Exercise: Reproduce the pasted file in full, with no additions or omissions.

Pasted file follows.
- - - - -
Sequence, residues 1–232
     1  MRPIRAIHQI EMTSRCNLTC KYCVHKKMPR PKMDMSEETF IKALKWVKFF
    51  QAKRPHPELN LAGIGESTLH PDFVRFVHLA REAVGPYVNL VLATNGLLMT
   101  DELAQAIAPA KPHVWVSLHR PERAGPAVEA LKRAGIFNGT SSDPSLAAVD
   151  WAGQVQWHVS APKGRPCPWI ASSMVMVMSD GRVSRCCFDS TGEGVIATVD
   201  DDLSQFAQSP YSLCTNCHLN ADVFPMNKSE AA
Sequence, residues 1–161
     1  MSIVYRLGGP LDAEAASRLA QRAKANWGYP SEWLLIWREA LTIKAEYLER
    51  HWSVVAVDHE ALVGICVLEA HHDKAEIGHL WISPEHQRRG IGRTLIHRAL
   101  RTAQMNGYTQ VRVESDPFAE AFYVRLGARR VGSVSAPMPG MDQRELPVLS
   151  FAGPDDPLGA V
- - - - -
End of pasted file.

Sequence, residues 1–232
     1  MRPIRAIHQI EMTSRCNLTC KYCVHKKMPR PKMDMSEETF IKALKWVKFF
    51  QAKRPHPELN LAGIGESTLH PDFVRFVHLA REAVGPYVNL VLATNGLLMT
   101  DELAQAIAPA KPHVWVSLHR PERAGPAVEA LKRAGIFNGT SSDPSLAAVD
   151  WAGQVQWHVS APKGRPCPWI ASSMVMVMSD GRVSRCCFDS TGEGVIATVD
   201  DDLSQFAQSP YSLCTNCHLN ADVFPMNKSE AA
Sequence, residues 1–161
     1  MSIVYRLGGP LDAEAASRLA QRAKANWGYP SEWLLIWREA LTIKAEYLER
    51  HWSVVAVDHE ALVGICVLEA HHDKAEIGHL WISPEHQRRG IGRTLIHRAL
   101  RTAQMNGYTQ VRVESDPFAE AFYVRLGARR VGSVSAPMPG MDQRELPVLS
   151  FAGPDDPLGA V